Ultros, which launches this week on PC and exclusively on PlayStation, is an impressive indie game that I’ve had my eye on since the first trailer was released last May. Developed and published by newly discovered Swedish studio Hadoque, the game has a distinctive psychedelic sci-fi aesthetic attributed to acclaimed Swedish artist and composer Niklas “The Huervo” Åkerblad, perhaps best known for his work on the Hotline Miami series is known.
Your journey begins after your ship crashes on a strange alien world called Sarcophagus, where an ancient demonic being called Ultros lives. Then you find yourself in a seemingly endless loop, with many unanswered questions plaguing you as you explore. Because I’m here? Why am I stuck in a loop? What is my purpose? The main story is full of mystery and covers topics such as mental illness, life and death, and karmic cycles.
If you’ve played games like Ori and the Blind Forest and the Metroid series, you’ll feel right at home with Ultros. You move through an extensive map divided into different zones and must find certain power-ups before you can explore new areas. There are many secrets hidden along the way for the most curious explorers and challenging bosses that you must defeat using the game’s clever combat system.
Speaking of combat, the action in Ultros is fast-paced and you have to react quickly to the enemy’s telegraphed attacks to win the game. You can use a heavy attack to break through his guard, chain together standard attacks to deal damage, or dodge at the right moment to launch a powerful counterattack. Combat is easy to understand and incredibly fluid, meaning it felt like all the damage I took was my fault.
The game’s skill tree called “The Cortex” adds an additional tactical layer to combat. Here you unlock new abilities to help you in combat and movement, such as a devastating third combo hit and the ability to jump off walls. To unlock these abilities, you must eat food, which you can grow, sow seeds, or harvest by slashing enemies. To get the best quality drops from enemies, you need to mix up your attack combinations, which gives you extra incentive to not just press the square button and hope for the best.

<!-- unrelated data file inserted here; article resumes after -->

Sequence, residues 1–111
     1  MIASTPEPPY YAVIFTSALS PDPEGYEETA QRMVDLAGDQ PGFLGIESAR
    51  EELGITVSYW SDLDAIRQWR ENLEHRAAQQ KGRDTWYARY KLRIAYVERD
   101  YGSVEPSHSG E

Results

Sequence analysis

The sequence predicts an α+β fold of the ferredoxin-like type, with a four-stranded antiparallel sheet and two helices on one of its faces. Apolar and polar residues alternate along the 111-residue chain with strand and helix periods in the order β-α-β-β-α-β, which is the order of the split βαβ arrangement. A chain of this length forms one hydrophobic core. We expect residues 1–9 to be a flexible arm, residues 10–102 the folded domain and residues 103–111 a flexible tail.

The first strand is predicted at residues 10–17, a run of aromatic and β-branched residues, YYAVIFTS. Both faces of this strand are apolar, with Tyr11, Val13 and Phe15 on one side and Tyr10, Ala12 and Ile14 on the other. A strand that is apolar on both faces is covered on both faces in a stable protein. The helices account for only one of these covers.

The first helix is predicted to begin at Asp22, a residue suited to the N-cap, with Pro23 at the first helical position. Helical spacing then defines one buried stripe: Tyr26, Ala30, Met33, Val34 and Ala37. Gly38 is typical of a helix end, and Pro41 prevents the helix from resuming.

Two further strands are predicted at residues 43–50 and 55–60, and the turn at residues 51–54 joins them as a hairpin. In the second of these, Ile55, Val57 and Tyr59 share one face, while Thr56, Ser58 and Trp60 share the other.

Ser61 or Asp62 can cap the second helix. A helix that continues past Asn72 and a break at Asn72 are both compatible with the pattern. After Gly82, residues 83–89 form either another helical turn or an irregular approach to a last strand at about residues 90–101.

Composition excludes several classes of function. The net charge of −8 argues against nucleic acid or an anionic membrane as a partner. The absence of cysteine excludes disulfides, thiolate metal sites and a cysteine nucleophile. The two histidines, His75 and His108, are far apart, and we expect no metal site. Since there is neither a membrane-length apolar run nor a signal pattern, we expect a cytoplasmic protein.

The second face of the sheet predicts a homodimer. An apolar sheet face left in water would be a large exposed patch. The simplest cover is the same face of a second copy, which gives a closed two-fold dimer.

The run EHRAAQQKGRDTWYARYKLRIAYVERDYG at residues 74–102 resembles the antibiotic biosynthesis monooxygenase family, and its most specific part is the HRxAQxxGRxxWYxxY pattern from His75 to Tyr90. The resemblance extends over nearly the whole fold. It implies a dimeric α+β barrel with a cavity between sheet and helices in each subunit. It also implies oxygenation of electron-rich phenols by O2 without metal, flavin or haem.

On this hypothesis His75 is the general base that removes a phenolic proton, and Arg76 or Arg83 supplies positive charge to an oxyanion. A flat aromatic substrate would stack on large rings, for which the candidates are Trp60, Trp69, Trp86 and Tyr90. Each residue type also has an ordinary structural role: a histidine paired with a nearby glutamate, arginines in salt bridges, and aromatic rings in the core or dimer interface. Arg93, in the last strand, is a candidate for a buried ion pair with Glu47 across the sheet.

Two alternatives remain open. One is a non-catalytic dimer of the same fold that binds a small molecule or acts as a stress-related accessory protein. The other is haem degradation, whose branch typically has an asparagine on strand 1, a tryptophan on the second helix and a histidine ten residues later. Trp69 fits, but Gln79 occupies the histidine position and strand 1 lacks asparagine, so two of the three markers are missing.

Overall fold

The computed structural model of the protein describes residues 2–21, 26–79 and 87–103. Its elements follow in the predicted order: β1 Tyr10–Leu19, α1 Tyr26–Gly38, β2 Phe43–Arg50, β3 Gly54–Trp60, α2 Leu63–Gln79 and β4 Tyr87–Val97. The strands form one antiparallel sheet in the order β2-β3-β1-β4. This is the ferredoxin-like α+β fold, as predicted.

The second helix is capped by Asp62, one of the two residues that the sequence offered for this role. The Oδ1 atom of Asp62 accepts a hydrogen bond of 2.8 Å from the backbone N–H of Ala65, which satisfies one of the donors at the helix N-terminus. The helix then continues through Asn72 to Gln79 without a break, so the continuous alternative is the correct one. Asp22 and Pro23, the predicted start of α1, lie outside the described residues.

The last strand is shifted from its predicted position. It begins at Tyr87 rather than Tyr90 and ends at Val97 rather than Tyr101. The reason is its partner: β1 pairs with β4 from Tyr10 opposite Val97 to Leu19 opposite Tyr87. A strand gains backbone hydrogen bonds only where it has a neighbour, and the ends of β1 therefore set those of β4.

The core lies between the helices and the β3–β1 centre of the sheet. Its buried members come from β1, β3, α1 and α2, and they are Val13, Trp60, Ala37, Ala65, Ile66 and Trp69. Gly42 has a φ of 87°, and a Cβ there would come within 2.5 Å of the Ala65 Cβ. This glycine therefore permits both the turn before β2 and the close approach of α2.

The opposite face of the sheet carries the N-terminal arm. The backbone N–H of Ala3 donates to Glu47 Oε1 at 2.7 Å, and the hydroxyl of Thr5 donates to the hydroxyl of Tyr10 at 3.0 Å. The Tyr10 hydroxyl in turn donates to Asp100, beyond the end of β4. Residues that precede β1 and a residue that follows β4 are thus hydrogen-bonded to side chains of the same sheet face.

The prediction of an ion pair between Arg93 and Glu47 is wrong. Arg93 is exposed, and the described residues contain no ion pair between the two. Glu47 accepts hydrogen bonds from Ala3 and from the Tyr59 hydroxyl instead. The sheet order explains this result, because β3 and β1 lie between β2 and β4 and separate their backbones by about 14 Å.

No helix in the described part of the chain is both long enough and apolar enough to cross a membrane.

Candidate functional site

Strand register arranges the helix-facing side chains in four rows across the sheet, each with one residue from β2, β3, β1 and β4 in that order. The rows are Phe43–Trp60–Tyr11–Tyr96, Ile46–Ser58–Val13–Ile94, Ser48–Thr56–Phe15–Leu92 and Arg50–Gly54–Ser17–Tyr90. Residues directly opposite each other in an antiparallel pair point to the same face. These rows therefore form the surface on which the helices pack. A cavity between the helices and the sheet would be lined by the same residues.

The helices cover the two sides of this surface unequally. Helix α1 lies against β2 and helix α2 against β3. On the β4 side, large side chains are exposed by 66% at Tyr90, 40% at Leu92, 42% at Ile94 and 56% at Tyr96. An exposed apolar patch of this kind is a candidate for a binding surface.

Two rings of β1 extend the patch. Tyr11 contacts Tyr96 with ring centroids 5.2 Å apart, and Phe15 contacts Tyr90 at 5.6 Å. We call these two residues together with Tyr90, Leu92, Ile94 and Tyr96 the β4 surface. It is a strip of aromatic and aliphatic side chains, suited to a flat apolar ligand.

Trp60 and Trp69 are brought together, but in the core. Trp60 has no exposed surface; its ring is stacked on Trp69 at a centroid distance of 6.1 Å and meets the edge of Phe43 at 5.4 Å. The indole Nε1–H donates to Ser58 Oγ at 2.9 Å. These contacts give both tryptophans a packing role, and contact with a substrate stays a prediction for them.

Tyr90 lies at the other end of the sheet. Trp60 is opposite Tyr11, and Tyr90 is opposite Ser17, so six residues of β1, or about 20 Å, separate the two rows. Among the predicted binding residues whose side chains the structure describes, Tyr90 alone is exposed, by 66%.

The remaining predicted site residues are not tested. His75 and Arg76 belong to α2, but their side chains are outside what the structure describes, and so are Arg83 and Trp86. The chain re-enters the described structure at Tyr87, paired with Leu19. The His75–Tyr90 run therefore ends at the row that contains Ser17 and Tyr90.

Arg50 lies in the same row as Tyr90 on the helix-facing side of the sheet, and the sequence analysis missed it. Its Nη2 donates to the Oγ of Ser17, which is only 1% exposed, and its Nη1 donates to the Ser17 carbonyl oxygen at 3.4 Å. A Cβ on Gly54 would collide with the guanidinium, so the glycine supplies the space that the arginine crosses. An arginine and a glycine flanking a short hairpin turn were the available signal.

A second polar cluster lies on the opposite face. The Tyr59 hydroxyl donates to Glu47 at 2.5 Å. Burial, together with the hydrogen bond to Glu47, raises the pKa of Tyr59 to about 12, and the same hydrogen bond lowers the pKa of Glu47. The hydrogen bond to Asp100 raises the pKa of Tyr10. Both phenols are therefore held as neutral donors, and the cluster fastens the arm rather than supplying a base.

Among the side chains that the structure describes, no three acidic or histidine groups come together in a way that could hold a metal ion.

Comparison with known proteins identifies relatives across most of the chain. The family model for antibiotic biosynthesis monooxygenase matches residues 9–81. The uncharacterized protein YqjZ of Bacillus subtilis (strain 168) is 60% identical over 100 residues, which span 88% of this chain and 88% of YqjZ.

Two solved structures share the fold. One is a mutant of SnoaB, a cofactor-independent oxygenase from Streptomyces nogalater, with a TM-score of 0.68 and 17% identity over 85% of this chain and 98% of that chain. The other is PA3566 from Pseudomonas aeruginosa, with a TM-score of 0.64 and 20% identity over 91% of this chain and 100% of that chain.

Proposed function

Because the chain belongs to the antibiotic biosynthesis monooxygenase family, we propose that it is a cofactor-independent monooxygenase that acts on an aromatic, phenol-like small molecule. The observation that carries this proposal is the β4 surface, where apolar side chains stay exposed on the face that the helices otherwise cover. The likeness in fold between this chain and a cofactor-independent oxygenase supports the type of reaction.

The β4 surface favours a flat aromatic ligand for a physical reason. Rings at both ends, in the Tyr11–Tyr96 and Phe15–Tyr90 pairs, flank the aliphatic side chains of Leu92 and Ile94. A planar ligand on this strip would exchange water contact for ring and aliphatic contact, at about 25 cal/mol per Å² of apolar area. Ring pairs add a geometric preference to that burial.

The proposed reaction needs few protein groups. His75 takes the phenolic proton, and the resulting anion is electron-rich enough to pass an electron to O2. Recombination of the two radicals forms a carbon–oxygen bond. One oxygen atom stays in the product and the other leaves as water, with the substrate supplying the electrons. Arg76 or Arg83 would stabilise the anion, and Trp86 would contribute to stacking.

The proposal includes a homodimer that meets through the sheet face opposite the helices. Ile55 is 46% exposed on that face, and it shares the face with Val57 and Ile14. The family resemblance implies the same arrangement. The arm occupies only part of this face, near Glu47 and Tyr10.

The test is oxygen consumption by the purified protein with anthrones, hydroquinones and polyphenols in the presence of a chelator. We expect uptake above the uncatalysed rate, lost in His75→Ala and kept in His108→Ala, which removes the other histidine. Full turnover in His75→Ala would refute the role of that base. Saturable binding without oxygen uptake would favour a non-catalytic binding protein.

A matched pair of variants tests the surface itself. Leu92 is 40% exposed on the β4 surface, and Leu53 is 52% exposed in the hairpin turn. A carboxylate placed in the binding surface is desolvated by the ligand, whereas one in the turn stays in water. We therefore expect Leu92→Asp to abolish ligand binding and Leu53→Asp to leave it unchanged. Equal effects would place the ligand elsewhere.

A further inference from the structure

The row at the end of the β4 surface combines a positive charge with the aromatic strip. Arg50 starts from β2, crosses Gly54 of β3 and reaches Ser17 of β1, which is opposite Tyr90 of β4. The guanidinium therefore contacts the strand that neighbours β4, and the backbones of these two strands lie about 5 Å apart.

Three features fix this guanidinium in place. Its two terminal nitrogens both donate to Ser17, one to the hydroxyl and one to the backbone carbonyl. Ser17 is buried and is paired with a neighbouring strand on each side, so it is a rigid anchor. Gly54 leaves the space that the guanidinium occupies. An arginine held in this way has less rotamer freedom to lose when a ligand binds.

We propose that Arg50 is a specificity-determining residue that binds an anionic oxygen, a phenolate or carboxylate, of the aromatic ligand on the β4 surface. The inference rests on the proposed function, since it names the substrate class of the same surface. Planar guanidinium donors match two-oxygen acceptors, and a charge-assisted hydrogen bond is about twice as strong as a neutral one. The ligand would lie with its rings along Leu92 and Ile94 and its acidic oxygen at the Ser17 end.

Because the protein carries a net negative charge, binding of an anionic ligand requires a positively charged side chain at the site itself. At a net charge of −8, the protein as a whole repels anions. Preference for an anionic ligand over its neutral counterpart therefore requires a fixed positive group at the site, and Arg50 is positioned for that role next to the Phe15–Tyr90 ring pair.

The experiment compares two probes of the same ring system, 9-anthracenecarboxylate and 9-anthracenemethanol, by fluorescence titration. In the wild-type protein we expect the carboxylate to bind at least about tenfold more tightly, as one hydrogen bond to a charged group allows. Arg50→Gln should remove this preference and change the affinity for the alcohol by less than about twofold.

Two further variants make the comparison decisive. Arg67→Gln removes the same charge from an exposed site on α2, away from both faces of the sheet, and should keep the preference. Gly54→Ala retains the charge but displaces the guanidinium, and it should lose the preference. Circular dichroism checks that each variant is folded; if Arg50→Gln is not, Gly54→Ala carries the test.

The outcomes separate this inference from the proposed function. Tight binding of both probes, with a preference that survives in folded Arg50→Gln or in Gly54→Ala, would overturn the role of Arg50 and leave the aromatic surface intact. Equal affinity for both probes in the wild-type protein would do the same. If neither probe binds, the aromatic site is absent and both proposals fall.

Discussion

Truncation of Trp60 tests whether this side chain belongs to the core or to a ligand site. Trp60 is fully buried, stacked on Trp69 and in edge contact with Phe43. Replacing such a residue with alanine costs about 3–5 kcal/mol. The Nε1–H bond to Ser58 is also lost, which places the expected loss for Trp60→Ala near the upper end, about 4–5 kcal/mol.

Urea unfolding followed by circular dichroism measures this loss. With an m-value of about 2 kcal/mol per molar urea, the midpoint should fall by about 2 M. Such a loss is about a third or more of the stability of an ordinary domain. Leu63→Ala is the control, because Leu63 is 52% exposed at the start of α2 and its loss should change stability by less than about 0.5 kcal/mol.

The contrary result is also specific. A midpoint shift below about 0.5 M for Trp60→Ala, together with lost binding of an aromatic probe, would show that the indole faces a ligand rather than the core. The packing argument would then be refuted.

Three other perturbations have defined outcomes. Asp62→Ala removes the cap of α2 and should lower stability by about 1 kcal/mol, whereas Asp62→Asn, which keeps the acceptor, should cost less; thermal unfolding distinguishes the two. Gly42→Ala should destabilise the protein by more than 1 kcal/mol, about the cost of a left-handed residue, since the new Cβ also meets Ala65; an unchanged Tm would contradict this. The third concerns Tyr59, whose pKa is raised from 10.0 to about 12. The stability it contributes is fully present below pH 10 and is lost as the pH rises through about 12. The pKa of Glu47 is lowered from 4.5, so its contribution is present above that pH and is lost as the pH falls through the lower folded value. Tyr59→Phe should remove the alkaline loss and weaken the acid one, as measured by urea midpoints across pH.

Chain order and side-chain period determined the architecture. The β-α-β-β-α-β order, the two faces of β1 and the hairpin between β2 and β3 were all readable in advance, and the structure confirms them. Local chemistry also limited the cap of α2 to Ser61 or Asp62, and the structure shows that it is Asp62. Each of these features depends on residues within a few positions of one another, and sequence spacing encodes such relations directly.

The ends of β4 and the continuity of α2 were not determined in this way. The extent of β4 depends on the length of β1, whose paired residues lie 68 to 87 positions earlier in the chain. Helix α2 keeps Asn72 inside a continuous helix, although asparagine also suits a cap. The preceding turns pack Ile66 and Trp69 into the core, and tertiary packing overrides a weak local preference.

However, unlike traditional Metroidvania games, Ultros contains roguelike elements. Every time you unlock a new ability that allows you to traverse the map in new ways, you are sent to an early grave and must regain your weapon and all of your powers. Although it’s annoying to have to back out, Ultros will save you a lot of hassle. You can commit some of the skills you’ve unlocked in your skill tree to memory with special items, and you can also plant seeds to change the world around you and create shortcuts for future runs.
The wild psychedelic imagery makes a bold impression at first glance, but I think it’s a double-edged sword. As for the positives, they manage to give Ultros its own identity and it feels like you’re playing in an Adult Swim cartoon. However, the explosion of color can be a headache, and I couldn’t play through the entire game without diving into the options menu and lowering the intensity of the palette.
Another aspect that seemed controversial to me is exploration. As I mentioned before, the game has a very extensive map and I found each location to be visually unique and have its own charm and character. However, I wish there was an on-screen mini-map as I often got lost and had to pause the game to figure out where to go. Luckily the map is well designed and the path you follow is clear based on your skills, but I felt out of sync every time I had to open the menu.
With its vibrant graphics and repetitive roguelike elements, Ultros is a Metroidvania that dares to be different and deserves my respect for that alone. It may not hit the nail on the head in everything it sets out to do, but I still found it an attractive game in a time of drought of new and exciting releases. If you’re a fan of titles like Metroid Fusion and Ori and the Blind Forest, I recommend you give it a try, but be sure to tone down the intense colors before you start.